A "friend" has been inundating me with links to sites that reveal how Barack Obama, crazed for power as he is, has all these plans to stay in office for a third term, if not forever. Seems to me that each of our last few White House residents has been the subject of this rumor. Didn't Bill Clinton have this top secret scheme to create a phony Civil War in the U.S., then use that as an excuse to declare Martial Law and suspend elections indefinitely? George W. Bush I think had one, too.
In an odd way, I kinda like the Obama Conspiracy Theories that come out of Absolute Nowhere. There are plenty that at least start in reality…like someone finding something in the Affordable Care Act and going, "Oh…we'll claim this part sets up Death Panels!" You almost have to deal with those claims like they have some basis. But the ones that don't even pretend to touch reality are fun on some level, plus they do a lot to distract from possibly legitimate criticisms. Insane concepts are not always without value…to someone.
Back in the seventies, I worked briefly for a rather dishonest man who was forever starting new, unsuccessful business ventures. Each time one tanked, as they all did, he'd sneak away from it leaving a phalanx of angry creditors, and start two more. Each was based on a premise not unlike this…
He'd read a statistic somewhere like, "Twelve million people a week eat Butterscotch Pudding." Instantly, his mind would do the math: "Why, if I could get two dollars from everyone who eats Butterscotch Pudding, I'd make $24,000,000 a week!" And that would be his new business. He'd invent something like the Send-Me-Two-Dollars-Every-Time-You-Eat-Butterscotch-Pudding Club…and by the time it became obvious that enough people weren't going to do that, no matter. He'd have heard somewhere that six million people each week do a bad impression of Jimmy Stewart and, why, if you could get three dollars from every bad Jimmy Stewart impressionist…
During the brief time I knew him, not one of his plans succeeded the way he wanted them to but a few yielded enough money that he could pay rent for a while off them. They'd all collapse and he'd disappear into the night leaving stacks of unpaid bills. But some were financially worth doing in a small way. There actually were a few people out there stupid enough to send him money every time they ate Butterscotch Pudding or did an impression of Jimmy Stewart. I hate to think what he'd have made off someone who did an impersonation of Jimmy Stewart eating Butterscotch Pudding.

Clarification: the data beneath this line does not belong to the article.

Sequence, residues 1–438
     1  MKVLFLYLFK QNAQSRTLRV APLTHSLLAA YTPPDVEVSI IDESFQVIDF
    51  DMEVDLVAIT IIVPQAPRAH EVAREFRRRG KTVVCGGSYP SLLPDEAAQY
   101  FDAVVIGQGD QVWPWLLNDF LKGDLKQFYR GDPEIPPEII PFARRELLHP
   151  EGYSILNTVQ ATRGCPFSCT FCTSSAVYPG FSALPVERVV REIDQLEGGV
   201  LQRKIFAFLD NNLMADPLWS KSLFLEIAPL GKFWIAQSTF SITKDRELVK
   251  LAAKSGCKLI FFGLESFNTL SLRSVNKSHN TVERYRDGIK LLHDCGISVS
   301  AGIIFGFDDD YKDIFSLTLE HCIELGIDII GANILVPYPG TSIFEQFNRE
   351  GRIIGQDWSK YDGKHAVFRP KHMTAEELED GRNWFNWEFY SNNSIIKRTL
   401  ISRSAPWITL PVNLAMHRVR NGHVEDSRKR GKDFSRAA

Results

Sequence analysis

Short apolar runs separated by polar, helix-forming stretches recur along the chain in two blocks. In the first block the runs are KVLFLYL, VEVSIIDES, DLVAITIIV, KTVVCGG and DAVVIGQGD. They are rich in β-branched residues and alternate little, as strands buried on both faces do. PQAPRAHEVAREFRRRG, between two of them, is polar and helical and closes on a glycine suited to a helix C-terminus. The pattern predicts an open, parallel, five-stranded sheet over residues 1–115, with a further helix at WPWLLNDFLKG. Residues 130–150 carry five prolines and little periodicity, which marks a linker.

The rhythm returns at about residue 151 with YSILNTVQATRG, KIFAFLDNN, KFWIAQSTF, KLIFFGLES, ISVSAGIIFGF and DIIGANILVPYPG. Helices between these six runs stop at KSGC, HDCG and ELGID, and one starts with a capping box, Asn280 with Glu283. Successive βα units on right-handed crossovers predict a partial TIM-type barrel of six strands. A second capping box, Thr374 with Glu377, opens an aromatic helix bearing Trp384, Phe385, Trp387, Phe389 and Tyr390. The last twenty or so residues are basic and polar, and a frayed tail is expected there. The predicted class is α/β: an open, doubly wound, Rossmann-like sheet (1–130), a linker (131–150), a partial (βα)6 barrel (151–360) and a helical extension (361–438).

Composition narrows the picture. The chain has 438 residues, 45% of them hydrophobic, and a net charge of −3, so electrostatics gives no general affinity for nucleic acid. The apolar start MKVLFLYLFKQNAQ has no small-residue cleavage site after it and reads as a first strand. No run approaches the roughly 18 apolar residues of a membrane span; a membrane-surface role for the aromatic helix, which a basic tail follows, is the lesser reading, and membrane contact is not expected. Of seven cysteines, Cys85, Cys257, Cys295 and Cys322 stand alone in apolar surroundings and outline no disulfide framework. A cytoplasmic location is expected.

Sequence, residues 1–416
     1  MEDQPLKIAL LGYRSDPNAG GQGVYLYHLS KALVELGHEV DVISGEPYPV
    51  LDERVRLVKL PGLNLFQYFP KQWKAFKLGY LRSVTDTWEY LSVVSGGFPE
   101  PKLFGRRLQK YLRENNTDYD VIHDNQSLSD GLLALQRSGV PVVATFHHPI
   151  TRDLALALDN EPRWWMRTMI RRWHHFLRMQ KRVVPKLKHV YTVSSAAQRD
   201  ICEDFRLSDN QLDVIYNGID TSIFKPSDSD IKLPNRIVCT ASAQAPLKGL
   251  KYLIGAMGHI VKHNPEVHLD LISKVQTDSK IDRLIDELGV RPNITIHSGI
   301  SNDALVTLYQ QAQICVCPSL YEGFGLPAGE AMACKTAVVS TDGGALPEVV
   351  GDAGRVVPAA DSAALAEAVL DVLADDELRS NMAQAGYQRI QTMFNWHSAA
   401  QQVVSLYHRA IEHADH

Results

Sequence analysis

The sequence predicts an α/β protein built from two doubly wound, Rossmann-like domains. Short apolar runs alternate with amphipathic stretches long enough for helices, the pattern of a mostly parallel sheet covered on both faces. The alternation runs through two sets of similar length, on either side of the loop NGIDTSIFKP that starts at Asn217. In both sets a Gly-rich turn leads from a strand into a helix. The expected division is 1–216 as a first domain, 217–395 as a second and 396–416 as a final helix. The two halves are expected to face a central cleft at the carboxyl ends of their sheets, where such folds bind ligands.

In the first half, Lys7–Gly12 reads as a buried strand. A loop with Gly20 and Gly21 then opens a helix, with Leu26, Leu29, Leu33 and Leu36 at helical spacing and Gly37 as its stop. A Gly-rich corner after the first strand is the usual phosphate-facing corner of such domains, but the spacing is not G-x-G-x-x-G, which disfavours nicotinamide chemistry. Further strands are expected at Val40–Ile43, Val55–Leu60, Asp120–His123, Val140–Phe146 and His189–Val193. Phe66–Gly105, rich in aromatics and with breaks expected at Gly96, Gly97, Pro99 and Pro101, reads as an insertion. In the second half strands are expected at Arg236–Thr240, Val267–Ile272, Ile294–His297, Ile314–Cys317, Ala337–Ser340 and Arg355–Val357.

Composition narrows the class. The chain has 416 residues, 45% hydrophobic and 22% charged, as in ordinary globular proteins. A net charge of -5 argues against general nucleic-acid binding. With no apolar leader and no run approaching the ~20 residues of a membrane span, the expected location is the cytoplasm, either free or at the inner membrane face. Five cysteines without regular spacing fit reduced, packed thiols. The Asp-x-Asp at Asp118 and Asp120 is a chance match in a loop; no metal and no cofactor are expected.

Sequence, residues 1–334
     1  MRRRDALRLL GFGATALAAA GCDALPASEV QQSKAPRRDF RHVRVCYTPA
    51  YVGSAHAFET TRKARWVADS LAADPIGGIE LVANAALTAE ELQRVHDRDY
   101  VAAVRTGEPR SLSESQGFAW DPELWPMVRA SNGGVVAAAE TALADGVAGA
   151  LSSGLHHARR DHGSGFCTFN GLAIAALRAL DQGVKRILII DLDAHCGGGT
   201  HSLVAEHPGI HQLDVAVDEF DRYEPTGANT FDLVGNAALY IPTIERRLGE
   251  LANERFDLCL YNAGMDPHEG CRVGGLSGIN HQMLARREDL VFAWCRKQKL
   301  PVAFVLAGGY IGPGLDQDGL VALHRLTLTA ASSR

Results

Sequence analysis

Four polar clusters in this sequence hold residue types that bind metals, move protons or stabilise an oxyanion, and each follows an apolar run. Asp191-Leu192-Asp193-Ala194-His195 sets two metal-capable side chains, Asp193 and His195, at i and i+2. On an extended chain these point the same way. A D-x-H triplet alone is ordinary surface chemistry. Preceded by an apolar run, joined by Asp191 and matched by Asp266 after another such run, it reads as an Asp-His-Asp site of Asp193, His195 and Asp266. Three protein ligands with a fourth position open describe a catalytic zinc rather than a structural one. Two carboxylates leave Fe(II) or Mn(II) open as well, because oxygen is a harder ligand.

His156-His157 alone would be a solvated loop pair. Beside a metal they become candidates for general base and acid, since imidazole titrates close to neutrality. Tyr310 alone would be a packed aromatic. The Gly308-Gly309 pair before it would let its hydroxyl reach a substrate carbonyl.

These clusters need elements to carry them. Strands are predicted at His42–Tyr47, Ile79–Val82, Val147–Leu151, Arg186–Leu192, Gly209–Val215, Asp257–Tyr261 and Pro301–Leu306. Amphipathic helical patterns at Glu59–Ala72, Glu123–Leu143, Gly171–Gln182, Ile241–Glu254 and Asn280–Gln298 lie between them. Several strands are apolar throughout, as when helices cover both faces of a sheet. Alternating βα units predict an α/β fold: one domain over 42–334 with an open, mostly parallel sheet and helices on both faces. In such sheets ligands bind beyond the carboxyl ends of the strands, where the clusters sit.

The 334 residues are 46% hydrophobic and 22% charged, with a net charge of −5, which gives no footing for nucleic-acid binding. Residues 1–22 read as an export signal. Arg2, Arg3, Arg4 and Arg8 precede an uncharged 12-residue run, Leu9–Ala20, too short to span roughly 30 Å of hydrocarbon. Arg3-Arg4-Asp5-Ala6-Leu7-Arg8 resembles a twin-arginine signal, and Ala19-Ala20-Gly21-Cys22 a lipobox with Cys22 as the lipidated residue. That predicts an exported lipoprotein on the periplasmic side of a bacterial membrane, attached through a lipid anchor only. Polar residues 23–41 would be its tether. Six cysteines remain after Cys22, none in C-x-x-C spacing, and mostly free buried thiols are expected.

Stupid people often have money and the great thing about them is that when they do, they spend it like stupid people. You know those e-mail scams we all get from a stranger someplace who has $32,000,000 US due them and so badly needs our help to claim the loot that they're willing to share it with us? I used to wonder why those messages were so lame and obviously bogus…until not long ago, I discussed it with someone I knew who was wiser than I in the ways of the Internet. I said, "Those things are so badly written, they wouldn't fool anyone with an I.Q. over 30."
"That's the point," he replied. "The idea is to get you to give them access to your credit card and bank account. Someone with an I.Q. over 30 is not going to give them that. It's a waste of time to start a correspondence with someone who isn't really, really stupid. A guy sends out a million — literally — of those messages. 999,970 of them will get instantly deleted by spam filters if not by the addressees. The guy who sent them will get thirty responses and he'll write back and forth to those thirty…and maybe two or three will be dumb enough to fall for the whole routine and send their banking info.
"If the initial come-on message was more credible, he might get 200 responses and they'd write back and forth to them…but there'd still be only two or three who would be stupid enough to send the banking info. It saves time to make the initial pitch so incredible. It filters out the ones who are just plain not stupid enough."
I think there's something to that. I also think I see a lot of it in similar scams disguised as political action come-ons. I have a couple of special "junk mail" e-mail addresses and years ago, one got signed up for all sorts of ultra-conservative mailings. They never cease and most do not seem to offer unsubscription. Among the debris that address receives two or three times a month is an Urgent Call To Action from some fellow who claims to have hard, undeniable evidence that will put Hillary Clinton (and Bill, while they're at it) in prison for the rest of their lives. Each message describes how one or both of them is planning to destroy the U.S., abolish all religion and make it mandatory that we all star in gay porn videos…or something like that. Pretty much, the sales pitch comes down to, "You hate Hillary Clinton, right? Send me money and I'll destroy her for you!"
I've been getting these for fifteen years now, during which he somehow did not use his undeniable evidence to stop her from becoming a U.S. Senator and then our Secretary of State, let alone continue walking the planet as a free woman. If you did think it was worth your money to try and stop Hillary, there are better places you could spend it. But I guess it's worth his while to compose a new, hysterical e-mail every ten days or so. He probably always reaches someone stupid enough to PayPal him some bucks.
I think an awful lot of what passes for political discourse in this country these days works off that principle: There's money in making stupid people mad.